That’s embarrassing news for President Obama in light of yesterday’s announcement that he has given the ABA a key role in determining who he nominates to the federal courts, a practice discontinued by President George W. Bush. The Committee for Justice opposes this pre-nomination role for the ABA, both because of the conflict of interest it creates and the ABA’s ideological bias. The ABA’s ratings of judicial nominees already play a substantial role in the Senate’s confirmation of nominees, but those ratings can hardly be considered objective if the ABA played a role in the selection of the nominees.

Apparently, the President feels no embarrassment about promoting judicial activism. During the presidential campaign, Obama raised eyebrows and controversy with his surprisingly candid remarks advocating an activist judicial philosophy in which “the critical ingredient is supplied by what is in the judge's heart,” and with his complementary pledge to appoint judges with “the empathy, to recognize what it's like to be a young teenage mom [or] poor, or African-American, or gay, or disabled, or old.” Yesterday, White House Press Secretary Robert Gibbs confirmed that “the president is standing by his controversial pledge,” in the words of the Legal Times.

While discussing yesterday’s nomination of Judge David Hamilton to the Seventh Circuit at his daily press briefing, Gibbs was asked whether Obama’s pledge “wouldn’t butt up against having to work within the rule of law.” Gibbs reiterated the President’s position that
“there are cases that judges … see that requires on [sic] — regardless of which [ideological] label you pick … that your own empathy and value system leads you to make a conclusion one way or the other.”
While Gibbs tries to paint Obama’s empathy-based judicial philosophy as something that cuts across political ideology, today’s Washington Post reminds us that liberals and conservatives are deeply split on the issue:
“Conservatives … ridiculed Obama's interest in the ‘empathy’ demonstrated by a prospective nominee, saying that it has nothing to do with a judge's work of interpreting statutes and the Constitution. ‘Who's to say who you are supposed to be empathetic toward?’ said Curt Levey, executive director of the Committee for Justice. … Liberal activists defended Obama's standard, calling it central to the role of courts in society. ‘What he is signaling, which is very important, is an acknowledgment of the importance of having judges who understand how the law affects everyday Americans,’ said Nan Aron, president of the Alliance for Justice.”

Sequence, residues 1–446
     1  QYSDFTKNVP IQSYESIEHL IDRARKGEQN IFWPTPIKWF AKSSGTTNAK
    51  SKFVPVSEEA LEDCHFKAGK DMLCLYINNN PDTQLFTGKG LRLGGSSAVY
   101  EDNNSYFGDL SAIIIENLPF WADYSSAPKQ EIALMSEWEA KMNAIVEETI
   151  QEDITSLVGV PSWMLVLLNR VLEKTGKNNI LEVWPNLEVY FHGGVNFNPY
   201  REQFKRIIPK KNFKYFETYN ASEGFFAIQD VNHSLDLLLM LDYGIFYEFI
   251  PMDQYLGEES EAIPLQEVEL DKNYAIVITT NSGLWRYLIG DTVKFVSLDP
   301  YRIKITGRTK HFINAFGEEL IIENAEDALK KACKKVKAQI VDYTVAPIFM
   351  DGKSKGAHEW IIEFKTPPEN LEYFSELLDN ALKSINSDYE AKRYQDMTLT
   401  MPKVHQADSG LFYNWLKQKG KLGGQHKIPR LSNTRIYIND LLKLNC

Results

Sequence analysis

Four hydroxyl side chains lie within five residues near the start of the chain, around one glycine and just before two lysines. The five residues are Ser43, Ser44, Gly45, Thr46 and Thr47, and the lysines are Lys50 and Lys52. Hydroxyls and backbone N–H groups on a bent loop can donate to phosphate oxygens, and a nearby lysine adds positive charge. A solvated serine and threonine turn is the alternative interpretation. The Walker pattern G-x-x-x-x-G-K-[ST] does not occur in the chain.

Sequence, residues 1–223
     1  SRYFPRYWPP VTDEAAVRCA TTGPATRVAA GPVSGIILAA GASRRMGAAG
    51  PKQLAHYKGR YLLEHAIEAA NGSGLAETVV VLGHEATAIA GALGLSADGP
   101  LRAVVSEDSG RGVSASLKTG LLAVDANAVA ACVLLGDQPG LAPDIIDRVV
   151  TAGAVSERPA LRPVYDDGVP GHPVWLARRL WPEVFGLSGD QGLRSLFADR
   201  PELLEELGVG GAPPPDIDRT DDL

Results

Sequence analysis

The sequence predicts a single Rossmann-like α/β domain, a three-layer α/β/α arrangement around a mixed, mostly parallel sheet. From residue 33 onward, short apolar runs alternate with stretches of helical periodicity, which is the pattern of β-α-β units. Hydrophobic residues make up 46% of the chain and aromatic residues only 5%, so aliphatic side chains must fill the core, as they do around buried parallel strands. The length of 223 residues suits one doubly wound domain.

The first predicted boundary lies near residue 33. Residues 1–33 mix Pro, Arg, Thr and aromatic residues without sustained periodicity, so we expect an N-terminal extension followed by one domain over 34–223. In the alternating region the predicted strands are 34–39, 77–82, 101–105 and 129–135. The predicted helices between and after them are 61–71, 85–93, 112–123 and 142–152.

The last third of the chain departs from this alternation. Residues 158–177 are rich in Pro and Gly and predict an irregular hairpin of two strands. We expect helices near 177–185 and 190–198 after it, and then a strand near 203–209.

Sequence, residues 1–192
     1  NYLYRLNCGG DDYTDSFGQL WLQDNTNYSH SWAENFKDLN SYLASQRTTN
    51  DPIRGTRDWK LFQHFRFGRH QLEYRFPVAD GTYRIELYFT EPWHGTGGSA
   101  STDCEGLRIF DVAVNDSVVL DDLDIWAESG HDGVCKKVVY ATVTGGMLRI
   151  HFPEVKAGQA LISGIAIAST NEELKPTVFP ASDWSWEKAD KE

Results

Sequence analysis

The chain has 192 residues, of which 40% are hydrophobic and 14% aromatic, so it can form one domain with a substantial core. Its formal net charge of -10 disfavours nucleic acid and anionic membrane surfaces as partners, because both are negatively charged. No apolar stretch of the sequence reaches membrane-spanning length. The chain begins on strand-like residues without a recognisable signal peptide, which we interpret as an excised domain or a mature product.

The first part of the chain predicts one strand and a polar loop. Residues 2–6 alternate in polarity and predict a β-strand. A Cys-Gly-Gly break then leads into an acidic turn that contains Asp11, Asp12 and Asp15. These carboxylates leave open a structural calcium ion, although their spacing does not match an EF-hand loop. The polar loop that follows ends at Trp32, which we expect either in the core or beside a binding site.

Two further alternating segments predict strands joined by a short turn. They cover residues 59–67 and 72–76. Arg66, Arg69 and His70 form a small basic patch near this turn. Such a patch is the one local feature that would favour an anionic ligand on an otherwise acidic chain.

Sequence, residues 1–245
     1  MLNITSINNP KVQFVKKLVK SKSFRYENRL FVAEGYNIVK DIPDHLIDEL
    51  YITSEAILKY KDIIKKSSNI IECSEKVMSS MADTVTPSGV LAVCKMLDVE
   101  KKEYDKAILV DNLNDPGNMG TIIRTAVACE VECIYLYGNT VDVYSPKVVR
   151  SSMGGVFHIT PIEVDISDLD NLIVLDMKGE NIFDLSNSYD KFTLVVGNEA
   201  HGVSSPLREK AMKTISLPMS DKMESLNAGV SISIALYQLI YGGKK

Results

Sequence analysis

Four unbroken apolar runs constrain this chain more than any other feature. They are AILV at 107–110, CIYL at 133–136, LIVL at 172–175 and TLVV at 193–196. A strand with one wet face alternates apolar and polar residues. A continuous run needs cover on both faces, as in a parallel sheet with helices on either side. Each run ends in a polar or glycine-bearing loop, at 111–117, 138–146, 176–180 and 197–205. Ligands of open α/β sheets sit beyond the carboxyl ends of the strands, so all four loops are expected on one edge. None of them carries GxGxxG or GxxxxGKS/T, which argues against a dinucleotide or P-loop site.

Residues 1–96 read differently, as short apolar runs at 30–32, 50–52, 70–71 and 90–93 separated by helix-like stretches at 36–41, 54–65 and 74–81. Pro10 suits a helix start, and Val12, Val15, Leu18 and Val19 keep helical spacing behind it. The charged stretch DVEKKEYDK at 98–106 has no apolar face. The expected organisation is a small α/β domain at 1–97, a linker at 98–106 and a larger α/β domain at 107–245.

We remind Ms. Aron and the President that federal judges take an oath in which they swear to “administer justice without respect to persons, and do equal right to the poor and to the rich.” No American should have to walk into the courtroom and worry about whether the judge considers him an “everyday American” worthy of empathy.

We also note that Obama’s position is at odds with that of Attorney General Eric Holder who, in response to a written question from Sen. Arlen Specter, said that
“It is important for judges, as for all public servants, to bring to their jobs an ability to understand the life experiences of the people who appear before them, but judges should make their decisions based only on the facts presented and the applicable law.” (emphasis added)
Despite Obama’s desire to appoint activist judges, we held out some hope in our March 11 e-mail that the “pragmatic, bipartisan” side of Obama would win out when it came to selecting federal judges. Sadly, yesterday’s selection of Judge David Hamilton – Obama’s first judicial nominee – points in the opposite direction. An examination of Hamilton’s record as a U.S. District Court Judge – including rulings on religion, abortion, sex offenders and suppression of evidence – indicates that he has a penchant for judicial activism While not disqualifying, Hamilton’s leadership role in the Indiana branch of the ACLU – an organization known for its activist judicial philosophy – is also cause for concern.